- In mid-December 2022, India and Finland signed a joint declaration of intent to work towards developing a common framework to make it easier for people to study, do research and work in each other’s country.
Students as a future source of remittances
India is also pursuing greater ease in obtaining student visas for its citizens. Students have the potential to generate remittances in the future.
- According to United Kingdom’s immigration statistics, in the year ending June 2022, nearly 0.12 million visas, about a quarter of the total, were issued to Indian students, the highest in the world. Indians have also received 0.10 million work and study visas for the United Kingdom in good numbers during the same period3.
- United States Embassy in New Delhi has indicated that 82,000 Indian students received visas in 2022. Indian nationals reportedly comprise about one-fifth of the total international students in the United States.
- The World Health Organization (WHO) and the Government of India have established a Global Centre for Traditional Medicine at Jamnagar, Gujarat State. This Centre aims to harness the potential of traditional medicine from across the world through modern science and technology to improve the health of people and the planet. This centre is expected to lead to an enhanced flow of students and researchers in Ayurveda and other traditional medicine areas.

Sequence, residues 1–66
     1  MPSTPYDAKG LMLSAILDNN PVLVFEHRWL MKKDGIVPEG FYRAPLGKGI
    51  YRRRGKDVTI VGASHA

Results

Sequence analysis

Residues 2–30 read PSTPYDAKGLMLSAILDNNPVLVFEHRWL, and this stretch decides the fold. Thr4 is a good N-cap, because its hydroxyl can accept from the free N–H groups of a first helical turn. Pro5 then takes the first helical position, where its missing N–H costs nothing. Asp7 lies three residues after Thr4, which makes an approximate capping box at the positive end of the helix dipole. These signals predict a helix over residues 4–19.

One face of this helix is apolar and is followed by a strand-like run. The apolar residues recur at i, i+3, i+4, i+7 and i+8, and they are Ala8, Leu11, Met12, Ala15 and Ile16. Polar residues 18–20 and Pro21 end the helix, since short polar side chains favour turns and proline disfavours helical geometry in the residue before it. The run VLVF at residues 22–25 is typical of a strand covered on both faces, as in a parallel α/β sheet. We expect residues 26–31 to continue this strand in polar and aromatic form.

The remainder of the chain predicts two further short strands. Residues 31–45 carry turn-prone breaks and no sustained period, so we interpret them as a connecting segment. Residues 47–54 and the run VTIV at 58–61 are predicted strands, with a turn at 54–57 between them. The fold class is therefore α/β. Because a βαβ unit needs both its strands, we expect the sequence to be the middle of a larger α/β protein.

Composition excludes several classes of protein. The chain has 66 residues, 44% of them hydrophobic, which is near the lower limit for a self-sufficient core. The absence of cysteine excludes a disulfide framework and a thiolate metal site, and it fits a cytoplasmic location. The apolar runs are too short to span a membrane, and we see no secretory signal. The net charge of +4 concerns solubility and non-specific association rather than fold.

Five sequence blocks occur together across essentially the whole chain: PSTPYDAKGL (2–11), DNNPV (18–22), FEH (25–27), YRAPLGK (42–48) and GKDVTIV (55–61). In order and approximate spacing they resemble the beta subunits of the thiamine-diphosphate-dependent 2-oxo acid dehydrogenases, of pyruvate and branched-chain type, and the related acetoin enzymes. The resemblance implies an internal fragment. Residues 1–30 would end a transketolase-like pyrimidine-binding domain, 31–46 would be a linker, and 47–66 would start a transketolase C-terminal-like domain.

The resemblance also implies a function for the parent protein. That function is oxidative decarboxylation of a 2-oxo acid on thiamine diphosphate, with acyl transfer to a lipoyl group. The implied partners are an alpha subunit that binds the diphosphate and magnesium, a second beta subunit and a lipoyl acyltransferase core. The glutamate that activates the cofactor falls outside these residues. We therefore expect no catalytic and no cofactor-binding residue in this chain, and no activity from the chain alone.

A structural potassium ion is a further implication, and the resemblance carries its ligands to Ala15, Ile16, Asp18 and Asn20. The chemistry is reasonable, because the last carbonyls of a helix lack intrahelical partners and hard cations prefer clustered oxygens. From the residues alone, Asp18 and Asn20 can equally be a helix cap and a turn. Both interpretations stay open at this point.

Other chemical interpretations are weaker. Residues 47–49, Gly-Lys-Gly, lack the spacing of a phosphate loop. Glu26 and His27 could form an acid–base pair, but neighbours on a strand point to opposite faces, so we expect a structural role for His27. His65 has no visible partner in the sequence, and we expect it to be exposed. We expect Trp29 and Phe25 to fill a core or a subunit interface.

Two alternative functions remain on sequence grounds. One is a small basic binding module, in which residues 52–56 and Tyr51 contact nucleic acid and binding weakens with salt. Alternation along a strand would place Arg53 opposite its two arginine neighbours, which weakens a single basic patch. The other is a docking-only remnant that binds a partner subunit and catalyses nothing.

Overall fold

- India could consider having a separate understanding of the number of traditional medicine researchers and professionals to be provided longer-term visas when negotiating economic agreements.
Using Demographic Complementarities to Expand India’s Worker Base
There are many high-income countries which are experiencing ultra-rapid ageing of the population, and therefore are seeking to augment their labour force by relaxing work visa and other immigration requirements. India on its part is also engaged in improving the skills of its workforce and providing formal recognition of the skills obtained, enhancing the value of its workers both domestically and internationally. Select examples of such countries with opportunities for Indian diplomacy to facilitate the expansion of the Indian diaspora and of future remittances are provided below.